Boak opened by writing that "Americans rushed to buy new homes in December at the strongest pace in 10 months." Good heavens, we're talking about only 38,000 individuals or families, or about 0.031 percent of the nation's roughly 123 million households. While that's a bit of an improvement over previous months — which is why that number converted to a seasonally adjusted annual rate of 544,000, the highest figure since February — it's hardly the stampede implied by the AP reporter's use of the word "rushed."
Readers will also see that Boak continued to engage in his tired habit of benchmarking against the results of the past 50-plus years without adjusting for population growth, an exercise designed to create the false impression that the homebuilding industry is far closer to genuinely recovery than it actually is:
US NEW-HOME SALES SOAR IN DECEMBER
Americans rushed to buy new homes in December at the strongest pace in 10 months, with 2015 marking the strongest year for this segment of the housing market since 2007.
The Commerce Department said Wednesday that new-home sales surged 10.8 percent last month to a seasonally adjusted annual rate of 544,000. It was the third consecutive monthly gain since sales collapsed in September. The increase nearly pulled the sales rate even with the level of 545,000 in February 2015 and points to continued momentum for real estate and construction in the opening months of this year.
... Sales of new homes accelerated sharply in 2015, rising 14.5 percent on the entire year to 501,000. Steady job growth that cut the unemployment rate to a healthy 5 percent has given many homebuyers increased confidence, while relatively low mortgage rates improved affordability. Yet sales of new homes continue to run below the 52-year historic average of 655,200, a sign of the severe hit absorbed by the market after the housing bubble burst.
Compared to Boak's bogus 655,200 benchmark, the 14.5 percent sales increase in 2015 to 501,000 gives readers the impression that two more years of such increases will bring the new-home industry back to full recovery.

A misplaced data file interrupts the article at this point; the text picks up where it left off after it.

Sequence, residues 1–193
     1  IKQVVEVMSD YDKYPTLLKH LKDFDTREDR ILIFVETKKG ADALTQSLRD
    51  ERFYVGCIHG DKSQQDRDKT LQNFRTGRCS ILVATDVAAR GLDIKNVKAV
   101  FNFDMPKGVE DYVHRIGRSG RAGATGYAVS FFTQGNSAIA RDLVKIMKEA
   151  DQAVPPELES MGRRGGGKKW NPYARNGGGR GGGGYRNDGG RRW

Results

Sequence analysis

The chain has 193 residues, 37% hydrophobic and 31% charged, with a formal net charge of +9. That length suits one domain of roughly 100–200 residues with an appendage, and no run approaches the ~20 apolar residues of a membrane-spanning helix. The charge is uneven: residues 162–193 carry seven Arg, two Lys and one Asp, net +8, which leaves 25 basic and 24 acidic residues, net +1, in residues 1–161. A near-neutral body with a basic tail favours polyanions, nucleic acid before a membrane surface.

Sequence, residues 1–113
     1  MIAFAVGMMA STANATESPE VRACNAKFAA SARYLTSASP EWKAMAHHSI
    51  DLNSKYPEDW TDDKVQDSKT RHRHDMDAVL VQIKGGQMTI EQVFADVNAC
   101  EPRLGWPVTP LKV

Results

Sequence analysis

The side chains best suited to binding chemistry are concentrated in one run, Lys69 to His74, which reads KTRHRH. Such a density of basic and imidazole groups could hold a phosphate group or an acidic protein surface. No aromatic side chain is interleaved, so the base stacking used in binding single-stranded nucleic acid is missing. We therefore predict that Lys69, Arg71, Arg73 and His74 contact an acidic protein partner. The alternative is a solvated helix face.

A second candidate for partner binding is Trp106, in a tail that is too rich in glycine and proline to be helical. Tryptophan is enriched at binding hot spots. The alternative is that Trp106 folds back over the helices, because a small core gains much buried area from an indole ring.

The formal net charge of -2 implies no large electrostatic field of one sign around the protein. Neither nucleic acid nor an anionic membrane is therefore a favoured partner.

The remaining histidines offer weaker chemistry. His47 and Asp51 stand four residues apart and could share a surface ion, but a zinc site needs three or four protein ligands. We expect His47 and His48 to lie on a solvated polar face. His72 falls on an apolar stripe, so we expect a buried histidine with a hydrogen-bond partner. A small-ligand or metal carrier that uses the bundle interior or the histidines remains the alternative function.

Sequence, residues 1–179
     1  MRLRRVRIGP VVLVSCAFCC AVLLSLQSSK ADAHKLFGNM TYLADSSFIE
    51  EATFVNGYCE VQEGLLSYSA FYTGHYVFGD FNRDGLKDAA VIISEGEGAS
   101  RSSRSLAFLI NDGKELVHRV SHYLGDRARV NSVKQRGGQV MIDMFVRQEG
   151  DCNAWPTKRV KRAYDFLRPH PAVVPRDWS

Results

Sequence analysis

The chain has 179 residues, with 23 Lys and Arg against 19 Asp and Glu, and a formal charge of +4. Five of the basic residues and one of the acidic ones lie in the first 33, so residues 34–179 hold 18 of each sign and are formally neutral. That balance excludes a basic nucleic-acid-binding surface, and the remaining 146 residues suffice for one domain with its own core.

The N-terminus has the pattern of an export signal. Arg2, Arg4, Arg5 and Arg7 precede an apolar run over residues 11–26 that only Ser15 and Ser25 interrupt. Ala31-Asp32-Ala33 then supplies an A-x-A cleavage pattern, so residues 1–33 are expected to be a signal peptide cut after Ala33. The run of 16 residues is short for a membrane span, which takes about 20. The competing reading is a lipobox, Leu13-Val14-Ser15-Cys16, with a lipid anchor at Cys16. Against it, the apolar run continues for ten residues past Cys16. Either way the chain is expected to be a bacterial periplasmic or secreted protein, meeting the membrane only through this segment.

In population-adjusted historical context:
- The 2015 sales level is the highest since 2008, the first year of what I have been calling the POR (Pelosi-Obama-Reid) Economy since the middle of that year.
- New-home sales during every year since the POR Economy began have been far below any previous year on record. 2015's sales are over 12 percent below the worst pre-POR Economy year of 1982. After that painful year, in stark contrast to the POR Economy's disastrous new-home sales performance, population-adjusted new home sales increase by 50 percent in 1983.
- 2015's sales of 501,000 came in 22 percent below the level seen in 1991. In 1992, then-presidential candidate Bill Clinton described then-President Bush 41 as having "the worst economic record in the past 50 years." As seen in the table, new-home sales were in the process of increasing by 18 percent as Clinton leveled his blatantly false assessment.
- Excluding the years of the POR Economy, annual population-adjusted new home sales have averaged 918,000 units. The 2015 result is only about 55 percent, i.e., not much more than half, of that average. Even if one sets the benchmark for full recovery at 800,000 annual units to account for changing demographics and the bubble years of the previous decade, the homebuilding industry would still be about four years of 14.5 percent annual growth away from fully recovering — and almost no one is predicting 14.5 percent growth this year. The consensus is that "Sales will grow about half as fast as they did this year." At that rate, full recovery wouldn't be seen for over eight years.
AP reporters can hype the currently state of the homebuilding industry as positive all they want, but their "soaring" words won't change that industry's ongoing malaise, and they won't change the ruinous economic policies which have led to what has been by far the worst "recovery" since World War II.
Cross-posted at BizzyBlog.com.